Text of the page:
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HARDINGE, GEORGE NICHOLAS (1781–1808), captain in the royal navy, born 11 April 1781, second son of Henry Hardinge, rector of Stanhope, Durham, and his wife Frances, daughter of James Best of Wrotham, Kent, was grandson of Nicholas Hardinge [q. v.] and elder brother of Henry Hardinge, first viscount Hardinge of Lahore [q. v.] He was early adopted by his uncle, George Hardinge [q. v.], attorney-general to the queen, and was sent to Eton, where he was in the lowest form (Eton School Lists, in which the name is spelt ‘Harding’). In 1793 he entered the navy; was midshipman of the Meleager, 32 guns, Captain Charles Tyler, at Toulon and the reduction of Corsica, and served under the same captain in the prize-frigate San Fiorenzo (late La Minerve), 40 guns. He was also present in the Diomede, 60 guns, in Hotham's action off Hyères and in various operations on the coast of Italy, and afterwards in the Aigle, 38 guns, in which he was wrecked on the Isle of Planes, near Tunis, 18 July 1798. He was in the Foudroyant, 80 guns, Captain Sir Edward Berry, at the capture of Le Guillaume Tell on 30 March 1800, and obtained his lieutenancy on board the Tiger, Commodore Sir Sidney Smith, off Alexandria, during the Egyptian campaign of 1801 (Turkish gold medal). In 1802 he became a master and commander, and in 1803 commanded the Terror bomb off Boulogne. Early in 1804 he was appointed to the Scorpion sloop, 18 guns, in which he highly distinguished himself by the cutting-out of the Dutch brig-corvette Atalante in Vlie Roads, Texel, 31 March 1804. For this gallant action, details of which will be found in James's ‘Naval History,’ iii. 264–6, Hardinge received post rank, and was presented by the committee of Lloyd's with a sword of three hundred guineas value. In August he was posted to the Proselyte, 20 guns, an old collier, and ordered to the West Indies with convoy; but his friends, ‘deprecating the effects of a West Indian climate on his very sanguine habit’ (Nichols, Lit. Illustr. iii. 70), obtained his transfer to the Valorous, which proved unfit for sea. Hardinge next accepted the offer of the Salsette frigate, said to be just off the stocks at Bombay. On his way out he served on shore at the capture of the Cape of Good Hope (where he did not command the marines, as stated by his biographer), and on arrival at Bombay found the Salsette only just laid down. He was promised command of the Pitt frigate (late Salsette), and in the meantime was appointed to the San Fiorenzo frigate, in which he made several short but uneventful cruises. The San Fiorenzo left Colombo to return to Bombay, and on her way on 6 March 1808, when off the south of Ceylon, sighted the famous French cruiser Piedmontaise in pursuit of some Indiamen. A three days' fight followed, in which both ships were handled with great gallantry and skill. Hardinge was killed by a grape-shot on the third day, when, after a well-contested action of 1 hour 20 minutes, the French ship hauled down her colours. Full details of the action are given in James's ‘Naval History,’ iv. 307–11, and a grave misrepresentation of the inferior armament of the English vessel is corrected (p. 311). The captures of the Atalante and Piedmontaise were among the actions for which the war medal was granted to survivors some forty years later. Hardinge, who appears to have been a brave and chivalrous young officer, was buried at Colombo with full military honours, and was voted a public monument in St. Paul's Cathedral, London.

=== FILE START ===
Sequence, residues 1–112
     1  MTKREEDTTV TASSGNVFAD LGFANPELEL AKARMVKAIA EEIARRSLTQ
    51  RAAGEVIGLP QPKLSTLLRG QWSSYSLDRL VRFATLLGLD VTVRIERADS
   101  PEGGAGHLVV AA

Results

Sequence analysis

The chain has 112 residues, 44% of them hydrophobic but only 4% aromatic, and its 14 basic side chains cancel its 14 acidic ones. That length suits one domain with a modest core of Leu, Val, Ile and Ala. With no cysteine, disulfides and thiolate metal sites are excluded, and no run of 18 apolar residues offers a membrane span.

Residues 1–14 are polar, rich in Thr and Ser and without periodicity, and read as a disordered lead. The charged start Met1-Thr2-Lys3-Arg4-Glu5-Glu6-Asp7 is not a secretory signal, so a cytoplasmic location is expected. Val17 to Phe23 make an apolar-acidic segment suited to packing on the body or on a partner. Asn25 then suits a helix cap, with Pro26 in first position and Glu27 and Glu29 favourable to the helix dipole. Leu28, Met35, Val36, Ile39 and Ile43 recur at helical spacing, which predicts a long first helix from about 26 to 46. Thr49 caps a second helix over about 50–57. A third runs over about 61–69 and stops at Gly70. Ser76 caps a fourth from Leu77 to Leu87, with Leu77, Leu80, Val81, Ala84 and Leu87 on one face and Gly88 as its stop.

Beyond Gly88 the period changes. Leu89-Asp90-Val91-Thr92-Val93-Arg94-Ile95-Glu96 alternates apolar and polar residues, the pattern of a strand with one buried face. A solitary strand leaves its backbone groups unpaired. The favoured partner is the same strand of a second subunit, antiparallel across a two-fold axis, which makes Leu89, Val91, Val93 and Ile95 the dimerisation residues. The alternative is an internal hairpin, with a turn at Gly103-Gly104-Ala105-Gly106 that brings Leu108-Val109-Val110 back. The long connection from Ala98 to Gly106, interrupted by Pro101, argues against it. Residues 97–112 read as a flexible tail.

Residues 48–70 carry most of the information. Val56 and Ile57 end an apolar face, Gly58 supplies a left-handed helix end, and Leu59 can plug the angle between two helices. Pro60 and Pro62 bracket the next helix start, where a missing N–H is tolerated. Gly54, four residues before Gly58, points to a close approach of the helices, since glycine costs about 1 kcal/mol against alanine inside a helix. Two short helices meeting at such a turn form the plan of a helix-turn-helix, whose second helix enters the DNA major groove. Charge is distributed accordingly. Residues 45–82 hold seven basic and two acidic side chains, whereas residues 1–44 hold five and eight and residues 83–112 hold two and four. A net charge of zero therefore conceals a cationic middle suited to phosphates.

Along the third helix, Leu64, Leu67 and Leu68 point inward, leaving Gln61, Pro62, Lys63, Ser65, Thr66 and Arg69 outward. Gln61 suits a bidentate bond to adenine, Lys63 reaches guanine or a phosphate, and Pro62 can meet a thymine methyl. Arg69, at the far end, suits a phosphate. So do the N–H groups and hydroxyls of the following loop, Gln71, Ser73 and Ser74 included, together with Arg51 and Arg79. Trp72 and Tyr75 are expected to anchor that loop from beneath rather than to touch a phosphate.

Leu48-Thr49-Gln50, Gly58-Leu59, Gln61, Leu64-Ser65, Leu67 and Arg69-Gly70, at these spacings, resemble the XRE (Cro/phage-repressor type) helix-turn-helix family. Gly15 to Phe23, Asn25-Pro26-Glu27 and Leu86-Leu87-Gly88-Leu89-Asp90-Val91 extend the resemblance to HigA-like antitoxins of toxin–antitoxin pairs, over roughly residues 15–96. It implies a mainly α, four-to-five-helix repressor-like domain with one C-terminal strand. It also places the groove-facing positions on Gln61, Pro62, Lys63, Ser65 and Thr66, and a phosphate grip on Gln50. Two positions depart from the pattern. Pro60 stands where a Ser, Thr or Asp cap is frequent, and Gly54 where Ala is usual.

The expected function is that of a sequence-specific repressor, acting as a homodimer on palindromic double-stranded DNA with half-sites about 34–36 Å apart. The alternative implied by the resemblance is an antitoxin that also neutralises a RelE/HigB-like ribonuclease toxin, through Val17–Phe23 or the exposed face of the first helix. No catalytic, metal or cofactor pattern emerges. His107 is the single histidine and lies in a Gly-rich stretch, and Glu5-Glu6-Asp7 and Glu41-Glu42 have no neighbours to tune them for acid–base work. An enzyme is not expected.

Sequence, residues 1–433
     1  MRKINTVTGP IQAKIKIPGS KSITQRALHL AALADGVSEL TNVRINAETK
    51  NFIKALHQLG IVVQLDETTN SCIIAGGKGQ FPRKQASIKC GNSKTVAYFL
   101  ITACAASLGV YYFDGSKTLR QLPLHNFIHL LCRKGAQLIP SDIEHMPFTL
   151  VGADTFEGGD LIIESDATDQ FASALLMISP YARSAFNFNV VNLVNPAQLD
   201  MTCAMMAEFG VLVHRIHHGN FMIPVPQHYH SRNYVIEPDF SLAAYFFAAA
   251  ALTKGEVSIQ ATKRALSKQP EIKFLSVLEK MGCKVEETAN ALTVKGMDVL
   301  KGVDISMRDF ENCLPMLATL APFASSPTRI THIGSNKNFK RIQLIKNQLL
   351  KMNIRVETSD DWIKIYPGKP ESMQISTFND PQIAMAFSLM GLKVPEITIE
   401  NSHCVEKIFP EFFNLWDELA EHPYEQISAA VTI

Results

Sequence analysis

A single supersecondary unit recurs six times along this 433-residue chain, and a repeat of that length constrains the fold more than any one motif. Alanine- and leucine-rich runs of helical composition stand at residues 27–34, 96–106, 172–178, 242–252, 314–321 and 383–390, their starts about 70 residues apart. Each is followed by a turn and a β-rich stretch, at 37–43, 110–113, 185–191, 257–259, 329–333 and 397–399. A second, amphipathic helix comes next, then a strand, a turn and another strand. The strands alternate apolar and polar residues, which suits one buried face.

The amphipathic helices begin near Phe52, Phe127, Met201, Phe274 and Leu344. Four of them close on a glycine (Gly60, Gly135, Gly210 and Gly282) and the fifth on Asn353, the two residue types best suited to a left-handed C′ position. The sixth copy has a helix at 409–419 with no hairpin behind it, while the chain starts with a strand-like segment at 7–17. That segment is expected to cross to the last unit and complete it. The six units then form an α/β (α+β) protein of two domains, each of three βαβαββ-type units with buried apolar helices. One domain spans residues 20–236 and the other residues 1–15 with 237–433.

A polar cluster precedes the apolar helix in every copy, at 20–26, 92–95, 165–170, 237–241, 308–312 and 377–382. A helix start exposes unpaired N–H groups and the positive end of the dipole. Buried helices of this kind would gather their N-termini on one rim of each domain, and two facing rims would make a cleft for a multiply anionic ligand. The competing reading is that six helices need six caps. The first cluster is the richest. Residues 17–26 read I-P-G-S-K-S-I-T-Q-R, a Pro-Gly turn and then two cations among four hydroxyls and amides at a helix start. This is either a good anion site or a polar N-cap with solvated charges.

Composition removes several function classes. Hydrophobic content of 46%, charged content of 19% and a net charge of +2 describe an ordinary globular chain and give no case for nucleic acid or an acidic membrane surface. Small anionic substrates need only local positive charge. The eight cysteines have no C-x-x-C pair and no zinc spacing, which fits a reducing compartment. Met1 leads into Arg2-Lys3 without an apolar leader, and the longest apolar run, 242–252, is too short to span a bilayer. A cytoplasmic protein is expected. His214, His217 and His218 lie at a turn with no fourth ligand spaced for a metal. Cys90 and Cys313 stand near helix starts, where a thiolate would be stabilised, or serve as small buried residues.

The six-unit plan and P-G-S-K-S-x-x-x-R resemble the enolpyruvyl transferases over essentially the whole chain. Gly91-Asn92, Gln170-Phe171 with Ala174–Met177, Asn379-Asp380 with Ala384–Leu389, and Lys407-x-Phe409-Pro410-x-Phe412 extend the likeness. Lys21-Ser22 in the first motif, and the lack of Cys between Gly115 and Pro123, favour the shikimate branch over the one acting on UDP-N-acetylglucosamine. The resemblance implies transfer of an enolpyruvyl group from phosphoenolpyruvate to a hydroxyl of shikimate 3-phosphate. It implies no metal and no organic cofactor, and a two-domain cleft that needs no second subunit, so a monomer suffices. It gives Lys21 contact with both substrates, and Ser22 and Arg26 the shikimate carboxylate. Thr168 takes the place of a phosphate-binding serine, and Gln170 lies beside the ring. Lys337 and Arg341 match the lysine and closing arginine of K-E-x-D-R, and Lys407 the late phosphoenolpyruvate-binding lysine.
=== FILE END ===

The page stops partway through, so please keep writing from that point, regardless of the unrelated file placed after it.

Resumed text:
[Foster's Peerage, under ‘Hardinge of Lahore;’ Foster's Baronetage, under ‘Hardinge;’ Nichols's Literary Illustrations, iii. 49–147, where is a very florid biographical notice founded on articles contributed, it is said, by Mr. George Hardinge to the Naval Chronicle (October and November 1808), Gent. Mag. (1808), and European Mag. (February 1810); James's Naval History, vols. i–iv.]

H. M. C.